Some miles were so long, it took whole years before we realized they were behind us.
I examined the maps you painted inside my airframe.
You were trying to tell me you were lost
and you didn’t want to be another midair collision.
Jennifer repaired me shortly
after I crash-landed in the starflowers.
Crashed it again in the snow,
and she wasn’t there that time.
If I had told the people who made this thing I was going to be reckless
with it, they probably would have bought a snow leopard, or a horsehead just to keep the conversation going.
But when they went ahead and made this life happen,
they rushed thinking he was going to be a
college boy, a frat boy, an intelligent mass of cells,
who flew over the mountains instead of into them.
But what my parents got was a little *******
who stirred up anthills, and stood up nice girls
and poured gasoline on the make believers
to prove the flames were real.
This letter was taken out of one world
and hurled into the next, with you, theoretically.
I know that sunflowers make wonderful goodbyes and some airplanes crash
and typewriters hurt when they write back.
His airframe was created in 1991.
You should have known when you messed with the inside
it wouldn’t work the right way again.
I have had some things going on in my engine
that are not entirely fixable.
That is what makes us human. Our parts get better.
The problem is we turn gospels into information manuals.
And that is why I still end up at gasoline stations at 2 a.m.
searching for a bearing that says
“Follow me. I will take you where you will be happy.”
But we don’t get that, dear.
We get a paintbrush and a typewriter.
You told me I was wrong.
I told you
not to talk so loud.
Friendly, the German Shepherd,
was big and he had rashes,
now he's ashes.
Daisy growled, never howled,
had puppies with Shiloh
who died on the patio.
Angus, the Siamese cat
got lost in the rain,
was hit by a train.
Peter the dove lost his love,
when during a fight,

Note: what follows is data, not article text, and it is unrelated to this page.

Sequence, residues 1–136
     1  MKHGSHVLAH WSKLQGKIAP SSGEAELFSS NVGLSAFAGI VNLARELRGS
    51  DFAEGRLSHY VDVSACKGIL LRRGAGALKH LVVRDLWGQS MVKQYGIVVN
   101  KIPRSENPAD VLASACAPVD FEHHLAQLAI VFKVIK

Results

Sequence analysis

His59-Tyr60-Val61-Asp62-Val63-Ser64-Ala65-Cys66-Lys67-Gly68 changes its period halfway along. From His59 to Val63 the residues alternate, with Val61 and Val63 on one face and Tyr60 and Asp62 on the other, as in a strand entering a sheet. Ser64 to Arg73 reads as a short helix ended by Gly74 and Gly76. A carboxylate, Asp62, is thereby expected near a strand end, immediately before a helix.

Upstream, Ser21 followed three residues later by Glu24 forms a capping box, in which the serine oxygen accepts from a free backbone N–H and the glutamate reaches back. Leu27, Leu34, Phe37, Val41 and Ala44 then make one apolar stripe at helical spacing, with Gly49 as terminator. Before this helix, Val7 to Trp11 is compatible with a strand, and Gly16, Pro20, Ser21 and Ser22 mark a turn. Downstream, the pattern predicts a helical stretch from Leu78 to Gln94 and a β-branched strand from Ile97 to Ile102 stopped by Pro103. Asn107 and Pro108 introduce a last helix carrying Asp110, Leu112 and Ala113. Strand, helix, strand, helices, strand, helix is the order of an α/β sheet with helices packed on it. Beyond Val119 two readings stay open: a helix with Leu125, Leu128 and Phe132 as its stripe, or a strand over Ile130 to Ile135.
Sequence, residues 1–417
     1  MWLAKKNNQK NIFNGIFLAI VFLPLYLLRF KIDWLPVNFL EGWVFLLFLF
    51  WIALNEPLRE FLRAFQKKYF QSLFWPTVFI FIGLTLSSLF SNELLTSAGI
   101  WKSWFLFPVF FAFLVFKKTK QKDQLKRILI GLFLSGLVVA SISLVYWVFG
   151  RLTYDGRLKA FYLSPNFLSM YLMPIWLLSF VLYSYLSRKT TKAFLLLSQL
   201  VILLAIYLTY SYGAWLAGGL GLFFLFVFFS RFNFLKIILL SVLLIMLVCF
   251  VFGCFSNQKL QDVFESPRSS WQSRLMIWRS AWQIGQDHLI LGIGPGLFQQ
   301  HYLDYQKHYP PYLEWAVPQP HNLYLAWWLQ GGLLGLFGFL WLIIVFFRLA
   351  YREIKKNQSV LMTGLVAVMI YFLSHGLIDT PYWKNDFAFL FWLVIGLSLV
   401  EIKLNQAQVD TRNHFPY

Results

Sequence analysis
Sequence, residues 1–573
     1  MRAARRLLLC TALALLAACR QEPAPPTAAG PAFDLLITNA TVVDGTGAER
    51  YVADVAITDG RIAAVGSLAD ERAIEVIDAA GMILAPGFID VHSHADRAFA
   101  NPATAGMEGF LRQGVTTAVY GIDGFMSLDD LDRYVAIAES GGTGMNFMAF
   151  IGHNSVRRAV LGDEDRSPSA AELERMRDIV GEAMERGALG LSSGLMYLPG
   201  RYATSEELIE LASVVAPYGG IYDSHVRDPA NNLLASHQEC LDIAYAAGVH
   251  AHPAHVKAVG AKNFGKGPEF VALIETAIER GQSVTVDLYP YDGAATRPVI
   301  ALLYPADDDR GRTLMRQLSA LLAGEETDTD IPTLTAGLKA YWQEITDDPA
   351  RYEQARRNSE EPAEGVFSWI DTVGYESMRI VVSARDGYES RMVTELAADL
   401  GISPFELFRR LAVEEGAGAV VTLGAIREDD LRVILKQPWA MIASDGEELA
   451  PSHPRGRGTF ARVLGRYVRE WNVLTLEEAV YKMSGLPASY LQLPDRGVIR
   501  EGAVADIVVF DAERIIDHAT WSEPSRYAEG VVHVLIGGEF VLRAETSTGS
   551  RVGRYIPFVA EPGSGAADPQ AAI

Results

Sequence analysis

she went to her sister's house
and flew in bad weather,
straight into a propeller
now she's feathers.
On my sixteenth birthday,
my uncle gave me a balsa wood airplane,
or rather, the wood
that comes together to make one.
While I started out strong,
assembling most of the fuselage,
it would go unfinished
and stay a skeleton.
Most of its life
My uncle drinks whiskey
in the pool at night.
I think of the airframe
still waiting to be put together,
waiting to fly
to the other side of this.
These are the moments when you stop
and think why you're not out there.
You know you, as a human being,
weren't meant to be in this cage
that has locked you up and sent you down
the throat of this monster that is made up
of empty wallets, musky interstate motel rooms,
if you're lucky,
an empty job that taught you more about yourself
than any public university ever could.
This is, God I'm sure of it, incredible.
And even though I never believed in the stuff,
if I could, I'd have given up long ago
and told my ma' that I'm taking off.
I'd release this heartache from my body
like doves, and let them run.
She is sleeping in her bed,
in her little house,
with fireplace and kitchen,
garden, and faucet.
These flowers on the walls
were not there before.
A lot of things have
the last time I looked.
I want to sit in this
bathtub of warm water,
with cigarettes and puff
the smoke into the water spout.
The water will suicide
and I will get out
to dry off.
Then I will go into the kitchen
and make tea.
This is a letter
to tell you that the wolves
in my dreams have devoured
the last piece of integrity I had.
I have taken the hot air balloon
out of my body to escape the feast.